Mexico’s Castillo: a piece of European History

Since I have been in Mexico for about two weeks and have eaten my fair share of tacos, sopas, enchiladas, quesadillas, y  autra cosas, I feel as though I must tell you about some of the cool, hidden gems that even I didn’t know about until now. In my limited travels, I can genuinely write down with pride that Mexico is full of la vida, color, people, traffico, and culture that is unique all on its own. But speaking of culture, I was lucky enough to see El Castillo de Mexico — the only European piece of history and architecture that’s still standing. To be real, I didn’t even know it existed until mi tìo Eddie asked me and mi hermano if we wanted to go. Of course we said yes, and off we went.

The first thing I noticed about El Castillo was the long walk up the hill in which it was located with all its glory and power. Originally, it was a pathway built for horses and carriages — not tourists and cultured locals of la Ciudad de Mexico. But once we finally made it to the castle, the image was quite a sight. This article isn’t going to highlight everything that El Castillo had to show based on the fact there was a lot to take in. I will say this, though: there were many — and I mean many — types of gente that lived and fought and died for Mexico long before any of us were born.

Some of the things I learned were quite interesting. Mexico’s castle — El Castillo de Chapultepec to be exact — was built by the Spanish, taken by the French, invaded by the English, was home to the first ever President of Mexico Manuel Gonzalez, attempted to be conquered by the Americans, and everything else in between.

Funny enough, my initial thoughts were this: imagine that 300 years from now, strangers will see your bedroom. What if it was a big mess? And what if your only takeaway from the emperor Maximilian I and his empress Carlota was that they didn’t have order in their own home or something. But, of course, with all the artwork and beautiful interior designing, you would’ve ignored the mess (if there even was one) due to how breathtaking everything just looked to a great extent. Seriously, even though nobody has lived in el Castillo for over 100 years, it seems as if royalty was there yesterday porque es la verdad. They also had a room for just about everything — a sitting room, a game room, a decision room, a tea room, a living room, a reading room, the list goes on and on. I guess with all the space to be used, what can you expect from a castle, right? Besides, it was muy padre and muy divertido to check out. However, there was one story about El Castillo that got to me for some reason — Los Niños Héroes.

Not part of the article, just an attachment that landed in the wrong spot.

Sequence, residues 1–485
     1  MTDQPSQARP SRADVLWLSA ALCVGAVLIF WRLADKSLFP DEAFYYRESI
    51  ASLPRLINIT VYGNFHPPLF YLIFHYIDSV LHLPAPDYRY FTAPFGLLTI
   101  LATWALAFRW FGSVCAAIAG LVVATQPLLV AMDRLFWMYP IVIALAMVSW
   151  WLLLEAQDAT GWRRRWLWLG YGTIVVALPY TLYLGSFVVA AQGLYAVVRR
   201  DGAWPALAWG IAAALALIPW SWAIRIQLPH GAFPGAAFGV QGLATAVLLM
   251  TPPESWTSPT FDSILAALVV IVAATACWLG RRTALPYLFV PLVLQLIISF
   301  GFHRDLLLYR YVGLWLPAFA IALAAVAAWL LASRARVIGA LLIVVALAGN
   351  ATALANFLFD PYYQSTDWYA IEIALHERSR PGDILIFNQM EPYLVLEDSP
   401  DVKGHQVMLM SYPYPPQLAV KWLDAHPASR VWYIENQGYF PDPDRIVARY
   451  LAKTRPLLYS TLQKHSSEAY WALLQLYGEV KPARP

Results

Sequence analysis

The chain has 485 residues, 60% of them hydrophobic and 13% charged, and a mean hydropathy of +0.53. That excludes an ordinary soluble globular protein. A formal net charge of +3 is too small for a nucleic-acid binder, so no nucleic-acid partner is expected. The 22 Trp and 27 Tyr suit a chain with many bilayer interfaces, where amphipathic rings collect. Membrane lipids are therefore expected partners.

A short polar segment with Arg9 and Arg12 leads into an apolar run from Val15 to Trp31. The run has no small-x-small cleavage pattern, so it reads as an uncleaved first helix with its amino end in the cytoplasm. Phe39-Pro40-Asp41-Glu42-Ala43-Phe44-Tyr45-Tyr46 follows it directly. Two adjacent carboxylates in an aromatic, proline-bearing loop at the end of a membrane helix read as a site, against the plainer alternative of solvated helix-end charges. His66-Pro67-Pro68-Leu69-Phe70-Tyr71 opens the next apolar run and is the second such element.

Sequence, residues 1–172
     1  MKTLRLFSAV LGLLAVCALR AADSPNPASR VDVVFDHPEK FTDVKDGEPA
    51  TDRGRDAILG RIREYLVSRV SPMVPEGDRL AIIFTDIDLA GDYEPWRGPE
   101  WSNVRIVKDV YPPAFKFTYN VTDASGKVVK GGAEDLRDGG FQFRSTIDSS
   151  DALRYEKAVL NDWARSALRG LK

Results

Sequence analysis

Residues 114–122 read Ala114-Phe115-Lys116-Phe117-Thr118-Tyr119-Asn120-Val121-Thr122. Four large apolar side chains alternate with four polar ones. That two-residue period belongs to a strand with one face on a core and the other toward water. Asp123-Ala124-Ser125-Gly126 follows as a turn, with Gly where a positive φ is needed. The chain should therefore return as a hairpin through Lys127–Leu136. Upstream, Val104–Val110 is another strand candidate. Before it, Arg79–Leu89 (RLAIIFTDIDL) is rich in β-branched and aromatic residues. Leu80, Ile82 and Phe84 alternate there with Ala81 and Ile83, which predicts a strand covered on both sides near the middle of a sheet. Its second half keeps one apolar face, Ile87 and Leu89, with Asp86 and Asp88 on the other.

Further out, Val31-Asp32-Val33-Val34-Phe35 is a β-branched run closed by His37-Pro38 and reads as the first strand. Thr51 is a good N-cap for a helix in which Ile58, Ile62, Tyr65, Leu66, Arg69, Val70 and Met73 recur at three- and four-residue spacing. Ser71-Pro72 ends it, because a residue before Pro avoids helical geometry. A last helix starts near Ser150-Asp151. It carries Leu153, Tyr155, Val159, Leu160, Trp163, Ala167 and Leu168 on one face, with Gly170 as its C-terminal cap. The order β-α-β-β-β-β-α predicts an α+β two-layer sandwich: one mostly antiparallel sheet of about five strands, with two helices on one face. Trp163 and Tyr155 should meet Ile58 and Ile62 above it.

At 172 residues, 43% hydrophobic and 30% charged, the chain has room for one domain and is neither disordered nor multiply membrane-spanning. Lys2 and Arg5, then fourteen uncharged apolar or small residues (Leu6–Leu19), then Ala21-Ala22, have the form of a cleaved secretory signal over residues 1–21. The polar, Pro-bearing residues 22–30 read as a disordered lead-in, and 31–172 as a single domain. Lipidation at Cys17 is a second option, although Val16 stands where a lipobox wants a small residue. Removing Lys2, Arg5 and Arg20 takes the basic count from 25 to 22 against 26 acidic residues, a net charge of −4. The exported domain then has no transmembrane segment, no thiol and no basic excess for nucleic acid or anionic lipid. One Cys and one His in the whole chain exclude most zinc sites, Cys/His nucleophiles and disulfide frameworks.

On September 13th, 1847, the Mexican-American war was bloody and dark. By the end of it, the Americans took over states like Texas, California, and others in the surrounding area of what once were Mexican towns. But as the fight was still raging on, 6 young men decided not to back down from their opponents. El Castillo was ordered to be defended by the command of Nicolás Bravo. There were between 47 to a few hundred cadet soldiers fighting against the Americans, according to scholars and documents. However, when a retreat was enforced, 6 young men stayed — giving their lives for Mexico. Legend has it that the last of the young men, Juan Escuta, leaped off the balcony of El Castillo to his death in order to keep Mexico’s flag away from the Americans. That’s crazy, man. I don’t know a lot of gente that would do such a thing — even for their phones or laptops.

Maybe, the 6 young men reminded me of what life is all about — passion, corazòn, fighting for what you love, having pride in your country, and to never give up even if the odds are not in your favor. Life is not just about one individual, but of everyone in it with you. I hope that when or if you go to Mexico City that you hit up El Castillo — perhaps you might get inspired and have a great experience like I did.